By Kathe Malouf
Special to the Sun
The history of dam safety and the lessons learned from previous failures was the topic of a presentation to the Kern River Valley Historical Society during their monthly meeting last week.
Anthony Burdock, Project Manager for the Isabella Dam Safety Modification Project, presented a program outlining catastrophic dam failures and how those failures were used to mold the dam safety regulations that now govern the nation’s dams, including Isabella Dam.
Burdock presented an overview of four failures: The South Fork Dam in 1889, the St. Francis Dam in 1928, Teton Dam in 1976 and the Van Norman Dam in 1971.
A dam failure can be attributed to several factors, Burdock said including: overtopping, foundation defects, cracking, inadequate maintenance and piping.
The primary cause of dam failures in the U.S. is overtopping, Burdock said, when water comes over the dam, due to inadequate design of the dam or spillway. Debris blockage and settlement of the dam crest can also lead to overtopping.
Burdock noted that cracking in an earthen dam is caused by the natural settling of the dam. Inadequate maintenance is another cause of failure and was the primary reason that the Oroville Dam overtopped and failed. The building up of sediment along piping can also create problems.
“All dams will leak,” Burdock said. “But when it gets to a large degree, we can’t stop it. It is very difficult to stop a failure once it starts.”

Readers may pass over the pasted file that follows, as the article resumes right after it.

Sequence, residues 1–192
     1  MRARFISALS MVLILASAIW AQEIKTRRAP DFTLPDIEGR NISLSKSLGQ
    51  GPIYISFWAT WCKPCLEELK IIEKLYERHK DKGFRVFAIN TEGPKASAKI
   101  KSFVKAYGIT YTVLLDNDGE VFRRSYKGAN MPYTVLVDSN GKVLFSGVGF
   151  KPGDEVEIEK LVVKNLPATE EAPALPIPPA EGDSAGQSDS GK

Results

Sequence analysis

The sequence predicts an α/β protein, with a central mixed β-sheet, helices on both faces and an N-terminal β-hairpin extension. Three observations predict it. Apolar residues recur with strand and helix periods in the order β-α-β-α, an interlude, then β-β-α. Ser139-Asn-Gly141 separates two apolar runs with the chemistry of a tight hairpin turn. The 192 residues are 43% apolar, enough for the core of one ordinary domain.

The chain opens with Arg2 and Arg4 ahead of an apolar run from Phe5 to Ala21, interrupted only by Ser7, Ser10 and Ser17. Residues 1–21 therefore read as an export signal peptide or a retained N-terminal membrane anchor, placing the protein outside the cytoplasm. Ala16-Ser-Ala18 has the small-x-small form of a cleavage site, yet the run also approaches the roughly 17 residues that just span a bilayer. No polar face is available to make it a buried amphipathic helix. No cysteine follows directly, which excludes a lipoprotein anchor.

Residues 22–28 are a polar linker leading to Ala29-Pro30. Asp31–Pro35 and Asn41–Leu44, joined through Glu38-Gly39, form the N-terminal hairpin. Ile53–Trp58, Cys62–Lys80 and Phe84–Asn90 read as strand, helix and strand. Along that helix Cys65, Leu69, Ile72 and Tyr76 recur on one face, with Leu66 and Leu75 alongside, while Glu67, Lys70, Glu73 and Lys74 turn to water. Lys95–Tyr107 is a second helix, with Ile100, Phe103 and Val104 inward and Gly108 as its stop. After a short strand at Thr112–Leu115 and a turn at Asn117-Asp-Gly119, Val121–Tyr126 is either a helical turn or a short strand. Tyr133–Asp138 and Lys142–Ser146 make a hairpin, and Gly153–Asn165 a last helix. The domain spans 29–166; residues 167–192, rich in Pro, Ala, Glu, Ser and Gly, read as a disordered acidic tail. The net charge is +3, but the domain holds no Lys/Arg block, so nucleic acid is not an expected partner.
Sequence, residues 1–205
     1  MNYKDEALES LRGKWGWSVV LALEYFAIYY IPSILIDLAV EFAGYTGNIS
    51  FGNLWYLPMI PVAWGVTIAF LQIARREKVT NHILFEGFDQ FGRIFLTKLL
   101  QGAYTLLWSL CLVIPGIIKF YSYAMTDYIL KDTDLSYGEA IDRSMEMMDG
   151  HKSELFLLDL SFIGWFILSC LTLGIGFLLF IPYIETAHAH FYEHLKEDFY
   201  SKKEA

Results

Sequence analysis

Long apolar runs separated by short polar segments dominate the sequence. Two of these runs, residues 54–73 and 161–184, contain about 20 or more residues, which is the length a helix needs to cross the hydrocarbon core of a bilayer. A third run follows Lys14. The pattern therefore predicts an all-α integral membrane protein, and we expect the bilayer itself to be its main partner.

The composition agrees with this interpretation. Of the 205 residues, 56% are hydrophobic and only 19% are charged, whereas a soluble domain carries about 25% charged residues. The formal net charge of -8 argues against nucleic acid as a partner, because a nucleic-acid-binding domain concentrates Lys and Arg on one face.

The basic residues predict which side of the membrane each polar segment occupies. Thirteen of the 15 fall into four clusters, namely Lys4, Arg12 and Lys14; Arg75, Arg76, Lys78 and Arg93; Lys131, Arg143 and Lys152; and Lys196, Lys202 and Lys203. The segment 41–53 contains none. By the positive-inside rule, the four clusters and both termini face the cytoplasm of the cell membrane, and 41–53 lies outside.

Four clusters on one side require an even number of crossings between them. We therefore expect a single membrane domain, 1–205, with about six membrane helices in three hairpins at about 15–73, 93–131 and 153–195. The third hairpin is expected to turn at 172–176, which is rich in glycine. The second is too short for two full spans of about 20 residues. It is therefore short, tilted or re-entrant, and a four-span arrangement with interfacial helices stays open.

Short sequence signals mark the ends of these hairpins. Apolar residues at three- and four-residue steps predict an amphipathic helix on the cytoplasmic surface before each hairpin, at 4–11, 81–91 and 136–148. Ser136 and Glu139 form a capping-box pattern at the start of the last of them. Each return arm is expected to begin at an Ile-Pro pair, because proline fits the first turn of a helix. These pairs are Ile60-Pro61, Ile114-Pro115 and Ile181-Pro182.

The failure of the South Fork Dam in Pennsylvania occurred in May,1889, following a period of heavy spring rains which caused overtopping and the erosion of the dam. Burdock noted that the dam had previously failed in 1862. It was repaired with changes not originally planned, such as the lowering of the dam’s crest, removal of low water outlets and reduction of the spillway capacity. Those changes led to the dam failure. The entire structure was washed away and 2,200 people were killed.
“This was the worst man-made disaster in U.S. history, until September 11, 2001,” Burdock said.
The St. Francis Dam was a concrete dam located near Los Angeles designed and constructed by the Los Angeles Bureau of Waterworks and Supply from 1924 to 1926 under the supervision of William Mulholland, a self-taught engineer with experience in earthen dams, but limited experience with concrete dams.
The dam failed on March 13, 1928, approximately 12 hours after the last inspection by Mulholland. Burdock said that cracks and leaks were observed in the main dam and abutments, but were dismissed.
The failure was attributed to poor foundation rock. It was considered the worst engineering disaster of the 20th Century with the death of 432 people.
“Because of Mulholland’s status in the community, his design was not questioned,” Burdock said. “What we learned is the importance of alternate technical reviews. We hire outside experts specifically for safety reasons.”
Following the failure of St. Francis, California enacted the professional registration for civil engineers and Congress required that all non-federal dams be reviewed.